There’s no ‘Vinted tax’, but side hustles can generate tax issues 

There’s no ‘Vinted tax’, but side hustles can generate tax issues  Alex Robertson January 10, 2024

For many performers, there’s always a side hustle that gets you through the gaps between projects or just tops an income up. It’s always been the way – it might have been working behind a bar or in a restaurant in times past (with your CV or script kept handy in case Scorsese pops in).

That kind of work is a little old school in the gig economy where many supplement their income by working on platforms such as Uber, Etsy, Upwork or Fiverr, or by selling old clothes and items on Vinted or Depop.

And now the rumour has gone round that there is a ‘Vinted tax’, generating ill-feeling that the stuff you bought (with your taxed income) and that you already paid VAT on will now be taxed again as HMRC look to make your life as miserable as possible.

In truth, very little has changed. What’s different is that, from the start of this year, new data-sharing rules will come in that will force these digital platforms to share their users’ information, including their income, with HMRC.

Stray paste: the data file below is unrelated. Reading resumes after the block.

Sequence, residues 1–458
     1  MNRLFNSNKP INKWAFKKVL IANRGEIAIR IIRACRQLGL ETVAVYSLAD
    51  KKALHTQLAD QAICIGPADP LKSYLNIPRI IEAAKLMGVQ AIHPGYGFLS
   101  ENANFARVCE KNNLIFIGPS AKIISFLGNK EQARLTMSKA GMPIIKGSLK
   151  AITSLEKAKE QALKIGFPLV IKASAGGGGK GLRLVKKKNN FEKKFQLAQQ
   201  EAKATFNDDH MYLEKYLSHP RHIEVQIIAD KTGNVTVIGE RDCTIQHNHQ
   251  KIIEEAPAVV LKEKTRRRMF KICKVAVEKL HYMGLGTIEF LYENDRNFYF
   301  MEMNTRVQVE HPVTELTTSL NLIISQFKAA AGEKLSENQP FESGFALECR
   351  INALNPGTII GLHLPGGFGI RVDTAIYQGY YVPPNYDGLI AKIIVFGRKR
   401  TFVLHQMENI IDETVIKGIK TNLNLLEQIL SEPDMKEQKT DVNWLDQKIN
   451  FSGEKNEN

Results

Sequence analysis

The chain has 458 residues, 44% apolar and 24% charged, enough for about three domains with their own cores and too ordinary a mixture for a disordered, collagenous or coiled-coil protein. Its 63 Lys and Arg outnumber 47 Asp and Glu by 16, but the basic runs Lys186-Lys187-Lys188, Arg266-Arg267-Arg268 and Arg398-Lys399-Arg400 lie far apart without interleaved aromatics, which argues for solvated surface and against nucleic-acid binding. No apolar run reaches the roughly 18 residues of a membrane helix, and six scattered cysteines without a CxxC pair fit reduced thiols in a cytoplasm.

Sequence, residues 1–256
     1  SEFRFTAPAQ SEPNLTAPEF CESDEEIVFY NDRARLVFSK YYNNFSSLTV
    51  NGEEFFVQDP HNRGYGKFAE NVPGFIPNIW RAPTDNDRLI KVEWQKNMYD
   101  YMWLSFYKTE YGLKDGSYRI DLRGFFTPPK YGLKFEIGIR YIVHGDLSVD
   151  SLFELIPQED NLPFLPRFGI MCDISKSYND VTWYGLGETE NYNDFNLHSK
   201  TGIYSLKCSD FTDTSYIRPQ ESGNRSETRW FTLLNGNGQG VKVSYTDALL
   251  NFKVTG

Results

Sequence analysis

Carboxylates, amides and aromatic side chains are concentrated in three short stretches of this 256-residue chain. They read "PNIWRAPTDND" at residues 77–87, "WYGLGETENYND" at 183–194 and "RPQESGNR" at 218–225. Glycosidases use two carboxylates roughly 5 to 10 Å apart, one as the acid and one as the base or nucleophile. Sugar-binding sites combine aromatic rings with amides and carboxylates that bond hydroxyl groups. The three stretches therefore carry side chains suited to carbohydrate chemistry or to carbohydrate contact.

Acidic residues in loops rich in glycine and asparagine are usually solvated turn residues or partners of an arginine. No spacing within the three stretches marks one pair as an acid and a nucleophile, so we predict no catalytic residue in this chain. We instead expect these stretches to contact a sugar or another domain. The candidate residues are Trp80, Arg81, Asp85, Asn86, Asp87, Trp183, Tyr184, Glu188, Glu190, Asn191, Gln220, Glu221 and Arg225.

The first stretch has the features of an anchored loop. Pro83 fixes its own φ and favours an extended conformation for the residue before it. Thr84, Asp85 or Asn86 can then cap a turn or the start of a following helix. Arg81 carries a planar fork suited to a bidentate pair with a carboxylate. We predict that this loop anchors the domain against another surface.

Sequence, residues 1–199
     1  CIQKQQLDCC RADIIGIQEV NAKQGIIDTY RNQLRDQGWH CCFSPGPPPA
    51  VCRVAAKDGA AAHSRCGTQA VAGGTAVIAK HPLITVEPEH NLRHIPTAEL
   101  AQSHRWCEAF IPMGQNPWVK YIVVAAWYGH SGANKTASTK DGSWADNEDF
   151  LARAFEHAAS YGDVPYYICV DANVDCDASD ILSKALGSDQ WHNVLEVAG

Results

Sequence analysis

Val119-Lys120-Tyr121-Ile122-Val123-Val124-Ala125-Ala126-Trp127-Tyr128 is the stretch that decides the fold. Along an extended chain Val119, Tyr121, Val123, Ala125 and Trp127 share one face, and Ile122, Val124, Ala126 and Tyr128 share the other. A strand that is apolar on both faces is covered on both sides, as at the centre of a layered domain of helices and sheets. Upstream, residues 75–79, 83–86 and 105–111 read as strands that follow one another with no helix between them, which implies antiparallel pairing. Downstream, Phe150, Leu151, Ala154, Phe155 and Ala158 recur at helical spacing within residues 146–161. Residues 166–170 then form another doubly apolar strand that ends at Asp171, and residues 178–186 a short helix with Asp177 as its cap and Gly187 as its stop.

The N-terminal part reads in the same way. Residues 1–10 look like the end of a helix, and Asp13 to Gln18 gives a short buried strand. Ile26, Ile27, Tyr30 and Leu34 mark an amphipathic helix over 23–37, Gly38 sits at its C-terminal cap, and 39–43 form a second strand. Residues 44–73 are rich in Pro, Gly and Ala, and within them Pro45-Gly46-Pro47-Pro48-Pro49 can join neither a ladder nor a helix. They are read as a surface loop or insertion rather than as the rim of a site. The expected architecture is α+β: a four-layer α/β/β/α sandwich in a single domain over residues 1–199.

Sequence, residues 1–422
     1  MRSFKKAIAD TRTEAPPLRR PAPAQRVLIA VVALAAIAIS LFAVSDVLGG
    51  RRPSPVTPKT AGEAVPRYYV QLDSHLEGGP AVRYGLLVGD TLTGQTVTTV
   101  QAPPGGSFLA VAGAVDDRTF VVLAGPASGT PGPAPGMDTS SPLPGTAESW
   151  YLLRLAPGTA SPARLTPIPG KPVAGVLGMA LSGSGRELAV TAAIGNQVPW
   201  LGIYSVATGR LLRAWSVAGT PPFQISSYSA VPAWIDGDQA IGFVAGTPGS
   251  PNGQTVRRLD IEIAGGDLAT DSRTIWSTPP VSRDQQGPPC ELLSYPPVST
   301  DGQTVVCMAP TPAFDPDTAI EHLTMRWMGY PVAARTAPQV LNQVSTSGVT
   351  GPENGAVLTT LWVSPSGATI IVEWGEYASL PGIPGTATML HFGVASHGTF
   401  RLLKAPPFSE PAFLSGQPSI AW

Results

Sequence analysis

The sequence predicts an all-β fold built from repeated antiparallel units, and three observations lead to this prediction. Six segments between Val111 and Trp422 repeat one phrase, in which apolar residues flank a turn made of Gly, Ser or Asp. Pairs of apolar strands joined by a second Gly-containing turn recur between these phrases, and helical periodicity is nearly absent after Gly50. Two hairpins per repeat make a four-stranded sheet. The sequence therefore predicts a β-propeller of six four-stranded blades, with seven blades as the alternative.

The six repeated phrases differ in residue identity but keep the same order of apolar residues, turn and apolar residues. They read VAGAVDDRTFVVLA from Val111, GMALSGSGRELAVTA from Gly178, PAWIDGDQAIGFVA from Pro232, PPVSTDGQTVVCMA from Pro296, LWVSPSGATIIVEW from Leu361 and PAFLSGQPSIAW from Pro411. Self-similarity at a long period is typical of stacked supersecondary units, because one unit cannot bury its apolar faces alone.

So, you will need to record and declare that income when you do your self-assessment, and you should be keeping a record of the costs and investments you made to do that work – whether it’s the tools for your jewellery making on Etsy or the software for your graphic design business on Fiverr. It is, after all, a business so tracking your costs is as important as counting your revenue.

The actual rules on tax haven’t changed, just the transparency. You are still allowed £1000 of ‘trading income’ with incurring income tax or national insurance, and for most of those selling old clothes this will not be an issue. For those who generate a genuine second income and have been hoping to keep it quiet, there may be some issues.

As ever, it is messy – but we can guide you through it, so get in touch.